THE BLOG

On Turning 39

03/10/2015 03:08 pm ET | Updated May 10, 2015
Evelyn Lauer

This piece originally ran on the author's website.

Last week was my 39th birthday. 39 years. On my birthday, I drove to work, thinking of my mother 39 years ago having contractions and driving to the hospital in an ice storm. I thought of her body, pushing me into the world, just as my body heaved my two sons into the world. I thought of my sons, of course, how they could only exist because I exist and I thought about life -- all 39 years of it, how beautiful and sad it's been, and then I cried. I cried for everything and everyone that 39 encompasses -- the loves, the lost loves, the people, the places, the moments. Maybe because it's one year from 40, but 39 seems sad to me. I'm not sad about being closer to 40, because 40 excites me. I'm sad because it feels like the end of something and the beginning of something else. I'm not sure. But when I think about 39, this is what I know:

1. I'm ready for my 30s to end, but at the same time, I'm more nostalgic for my 20s than ever. My 30s were about two things: my kids and my career. Most of my 30s are a blur of pregnancies, sleepless nights, diaper changes and bedtime stories. But my 30s have also been about balance -- maintaining a career while raising young kids and trying to be a working mom but, most days, feeling like a failure at both. It's no wonder I yearn for the days of fewer responsibilities that were my 20s.

2. I'm on the cusp of something. I'm transtioning from one stage of my life to the next -- and this is scary and overwhelming because, some days, I feel like I'm living five different lives -- mother/wife, teacher, writer, journalism adviser and friend. I'm doing too much. I'm not doing enough. That paradox consumes me.

3. Motherhood grounds me. Without my kids, I'd live in my head more than I already do. Watching my sons interact with the world makes me appreciate the present and makes me worry about the future less.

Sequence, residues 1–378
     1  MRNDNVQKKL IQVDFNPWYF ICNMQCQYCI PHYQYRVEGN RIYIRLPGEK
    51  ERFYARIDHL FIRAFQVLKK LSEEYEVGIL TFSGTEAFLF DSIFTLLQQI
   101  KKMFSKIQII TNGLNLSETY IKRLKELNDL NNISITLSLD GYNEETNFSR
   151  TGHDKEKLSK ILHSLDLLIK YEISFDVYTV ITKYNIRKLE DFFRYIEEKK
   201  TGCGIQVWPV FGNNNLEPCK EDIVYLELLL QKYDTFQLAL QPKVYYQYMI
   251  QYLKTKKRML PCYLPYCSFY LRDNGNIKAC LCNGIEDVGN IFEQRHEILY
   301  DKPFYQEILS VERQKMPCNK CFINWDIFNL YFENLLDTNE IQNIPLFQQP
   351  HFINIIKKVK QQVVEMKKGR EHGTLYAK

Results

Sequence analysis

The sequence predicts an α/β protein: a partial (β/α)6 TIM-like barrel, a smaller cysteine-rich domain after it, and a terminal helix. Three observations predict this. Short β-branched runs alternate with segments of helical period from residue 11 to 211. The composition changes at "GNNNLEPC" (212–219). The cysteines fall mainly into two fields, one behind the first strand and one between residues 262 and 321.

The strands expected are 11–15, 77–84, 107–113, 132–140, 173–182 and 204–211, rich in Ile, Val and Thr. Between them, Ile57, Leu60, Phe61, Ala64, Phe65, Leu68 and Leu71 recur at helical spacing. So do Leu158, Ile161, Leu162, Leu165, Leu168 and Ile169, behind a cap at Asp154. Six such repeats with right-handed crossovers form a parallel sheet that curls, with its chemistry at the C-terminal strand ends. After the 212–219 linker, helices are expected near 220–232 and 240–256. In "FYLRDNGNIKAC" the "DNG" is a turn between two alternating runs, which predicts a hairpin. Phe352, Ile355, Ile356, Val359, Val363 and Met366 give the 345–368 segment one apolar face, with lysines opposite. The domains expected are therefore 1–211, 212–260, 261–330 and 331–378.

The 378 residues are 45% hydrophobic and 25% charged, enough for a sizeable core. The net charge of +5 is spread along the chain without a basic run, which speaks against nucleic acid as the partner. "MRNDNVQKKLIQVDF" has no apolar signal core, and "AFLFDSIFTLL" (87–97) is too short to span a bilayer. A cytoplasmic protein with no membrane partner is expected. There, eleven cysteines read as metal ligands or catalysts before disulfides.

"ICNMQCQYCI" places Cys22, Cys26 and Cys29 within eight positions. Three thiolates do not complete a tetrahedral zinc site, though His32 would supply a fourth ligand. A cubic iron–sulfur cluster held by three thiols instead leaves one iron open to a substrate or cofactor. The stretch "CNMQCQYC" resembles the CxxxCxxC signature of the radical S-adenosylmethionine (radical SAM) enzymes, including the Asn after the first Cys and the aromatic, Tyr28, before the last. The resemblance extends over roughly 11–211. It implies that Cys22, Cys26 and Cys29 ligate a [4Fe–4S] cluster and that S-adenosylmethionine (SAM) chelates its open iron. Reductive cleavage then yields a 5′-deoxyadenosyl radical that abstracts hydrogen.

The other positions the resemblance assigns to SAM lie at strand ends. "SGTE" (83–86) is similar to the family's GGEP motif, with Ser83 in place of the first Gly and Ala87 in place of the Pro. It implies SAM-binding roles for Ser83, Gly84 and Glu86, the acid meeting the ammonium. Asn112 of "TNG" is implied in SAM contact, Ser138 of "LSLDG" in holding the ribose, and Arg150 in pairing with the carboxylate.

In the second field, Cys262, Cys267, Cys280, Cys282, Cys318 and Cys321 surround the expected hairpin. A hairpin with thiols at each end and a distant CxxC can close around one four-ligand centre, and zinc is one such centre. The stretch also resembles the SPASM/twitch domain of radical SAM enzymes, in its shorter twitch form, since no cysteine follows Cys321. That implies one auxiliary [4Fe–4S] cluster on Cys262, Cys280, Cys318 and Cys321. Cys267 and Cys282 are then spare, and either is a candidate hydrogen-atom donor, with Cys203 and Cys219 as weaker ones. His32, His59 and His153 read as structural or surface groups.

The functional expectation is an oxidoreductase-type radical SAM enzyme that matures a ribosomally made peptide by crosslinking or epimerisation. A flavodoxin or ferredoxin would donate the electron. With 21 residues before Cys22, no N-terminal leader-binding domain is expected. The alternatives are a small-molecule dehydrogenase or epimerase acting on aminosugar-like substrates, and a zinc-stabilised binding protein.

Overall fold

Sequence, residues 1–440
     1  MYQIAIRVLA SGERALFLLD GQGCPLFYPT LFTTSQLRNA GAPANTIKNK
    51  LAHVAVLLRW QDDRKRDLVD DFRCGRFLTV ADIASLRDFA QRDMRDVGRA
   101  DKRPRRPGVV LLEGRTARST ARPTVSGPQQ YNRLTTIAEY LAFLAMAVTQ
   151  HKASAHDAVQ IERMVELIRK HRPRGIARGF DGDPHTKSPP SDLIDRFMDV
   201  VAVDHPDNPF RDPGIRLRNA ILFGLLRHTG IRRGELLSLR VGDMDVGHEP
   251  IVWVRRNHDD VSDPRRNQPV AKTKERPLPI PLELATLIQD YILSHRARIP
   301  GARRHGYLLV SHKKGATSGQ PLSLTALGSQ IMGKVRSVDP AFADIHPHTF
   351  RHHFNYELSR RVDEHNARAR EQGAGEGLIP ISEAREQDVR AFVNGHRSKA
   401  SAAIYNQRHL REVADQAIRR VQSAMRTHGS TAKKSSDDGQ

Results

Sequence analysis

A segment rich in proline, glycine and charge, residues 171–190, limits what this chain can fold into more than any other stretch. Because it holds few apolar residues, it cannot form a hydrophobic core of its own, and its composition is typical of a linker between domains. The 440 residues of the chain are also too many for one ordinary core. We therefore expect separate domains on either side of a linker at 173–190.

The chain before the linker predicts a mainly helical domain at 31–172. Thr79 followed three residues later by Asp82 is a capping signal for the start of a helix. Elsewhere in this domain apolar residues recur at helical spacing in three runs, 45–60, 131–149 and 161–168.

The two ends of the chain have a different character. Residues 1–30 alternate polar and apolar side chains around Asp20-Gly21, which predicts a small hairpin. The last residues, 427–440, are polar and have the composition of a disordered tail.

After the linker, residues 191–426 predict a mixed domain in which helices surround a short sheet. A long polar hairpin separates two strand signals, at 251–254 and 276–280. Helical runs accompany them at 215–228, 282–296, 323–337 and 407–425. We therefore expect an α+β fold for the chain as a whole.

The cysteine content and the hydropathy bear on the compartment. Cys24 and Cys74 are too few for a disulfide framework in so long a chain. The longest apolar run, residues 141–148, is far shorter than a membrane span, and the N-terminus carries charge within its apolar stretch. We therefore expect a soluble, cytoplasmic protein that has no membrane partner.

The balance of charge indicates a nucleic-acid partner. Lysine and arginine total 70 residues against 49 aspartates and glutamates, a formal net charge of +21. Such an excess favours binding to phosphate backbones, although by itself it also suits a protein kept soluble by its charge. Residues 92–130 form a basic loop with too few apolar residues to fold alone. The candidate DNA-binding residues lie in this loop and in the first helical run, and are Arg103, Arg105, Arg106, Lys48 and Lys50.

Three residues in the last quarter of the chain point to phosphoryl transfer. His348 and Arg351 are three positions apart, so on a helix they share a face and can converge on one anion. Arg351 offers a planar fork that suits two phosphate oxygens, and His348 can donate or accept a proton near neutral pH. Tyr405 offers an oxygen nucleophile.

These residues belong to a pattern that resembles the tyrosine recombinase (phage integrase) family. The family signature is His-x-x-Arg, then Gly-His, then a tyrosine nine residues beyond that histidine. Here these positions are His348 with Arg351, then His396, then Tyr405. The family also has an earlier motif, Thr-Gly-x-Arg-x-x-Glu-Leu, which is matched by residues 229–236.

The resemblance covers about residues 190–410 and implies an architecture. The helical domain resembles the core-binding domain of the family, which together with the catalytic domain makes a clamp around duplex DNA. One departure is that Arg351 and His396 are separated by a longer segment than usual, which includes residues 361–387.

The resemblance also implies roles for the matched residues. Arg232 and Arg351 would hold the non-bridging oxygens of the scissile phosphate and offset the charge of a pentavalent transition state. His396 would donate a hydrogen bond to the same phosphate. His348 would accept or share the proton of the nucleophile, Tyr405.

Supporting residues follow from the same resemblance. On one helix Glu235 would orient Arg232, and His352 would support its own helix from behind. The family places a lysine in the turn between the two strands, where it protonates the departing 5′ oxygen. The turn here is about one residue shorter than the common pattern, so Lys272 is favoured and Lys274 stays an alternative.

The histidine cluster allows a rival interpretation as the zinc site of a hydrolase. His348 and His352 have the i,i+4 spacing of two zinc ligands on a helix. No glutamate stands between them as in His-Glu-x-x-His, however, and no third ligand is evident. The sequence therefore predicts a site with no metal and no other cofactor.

4. Scheduling -- a phone call with my best friend, a breakfast date with another friend, a simple conversation with my husband -- is the most difficult task in my day. Seriously. When did life get so busy and complicated? When the phone rings, I don't want to answer it. I dread checking my work email. My best friend and I have been playing phone tag for weeks. I cancel plans and need to reschedule because of an event at my son's school. My friend cancels plans because her son is sick. This type of back-and-forthing, which takes place over text message, controls my life -- and I never imagined (in my 20s) life could be so busy and full.

5. The only thing that scares me about getting older is getting old. I want the wisdom that comes with age, but I don't want the health problems. I'm scared of losing my parents, of watching those I care about get sick. I'm scared of cancer because it's in my genes. But, more than cancer, I'm scared of dying suddenly without being able to say goodbye.

6. Knowing myself better doesn't make decisions any easier. I still fret over everything. I still play scenarios out in my head. I still doubt. I am who I am and age only changes me so much.

7. The more friends I have, the lonelier I feel. Social media has brought many people into my world, including some people who I've been fortunate enough to meet in real life and consider friends, good friends. But, many days, I miss friendship. I miss the days before I had kids when my friends were the center of my world, when I saw them every day because they were my roommates or classmates or we sat next to each other at a bar for hours talking about everything and nothing.

8. Love is not what I thought it would be. At 39, love is the support of my husband, the unconditional love of my children and parents, and the ability to do what I love because of these important people.

9. I cannot depend on the opinions of others to make me happy. And I am still learning this. I am learning to let go of the fear of what others think, but it's so hard because don't we all just want to be seen? To be appreciated? To not be judged? I am still learning to let go of the voices inside my head.

Evelyn Lauer is working on a memoir about love in her 20s and 30s. To follow her process, please connect with her on Facebook, Twitter, or Instagram, or visit her website.